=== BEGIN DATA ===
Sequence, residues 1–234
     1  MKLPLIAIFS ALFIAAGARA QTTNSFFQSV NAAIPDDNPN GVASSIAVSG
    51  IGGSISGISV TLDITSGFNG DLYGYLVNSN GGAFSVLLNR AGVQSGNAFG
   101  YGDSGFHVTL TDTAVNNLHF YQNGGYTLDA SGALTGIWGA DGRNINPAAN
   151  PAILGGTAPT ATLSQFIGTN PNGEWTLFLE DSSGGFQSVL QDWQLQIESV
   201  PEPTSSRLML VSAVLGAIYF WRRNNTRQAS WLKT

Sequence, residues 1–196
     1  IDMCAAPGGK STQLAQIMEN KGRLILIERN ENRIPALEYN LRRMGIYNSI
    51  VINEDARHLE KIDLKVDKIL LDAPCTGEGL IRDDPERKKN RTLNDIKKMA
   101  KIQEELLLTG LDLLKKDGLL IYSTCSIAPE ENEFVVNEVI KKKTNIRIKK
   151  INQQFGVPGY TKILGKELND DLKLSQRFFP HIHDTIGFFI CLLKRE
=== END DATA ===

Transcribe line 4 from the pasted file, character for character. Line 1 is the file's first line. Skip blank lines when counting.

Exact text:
   101  YGDSGFHVTL TDTAVNNLHF YQNGGYTLDA SGALTGIWGA DGRNINPAAN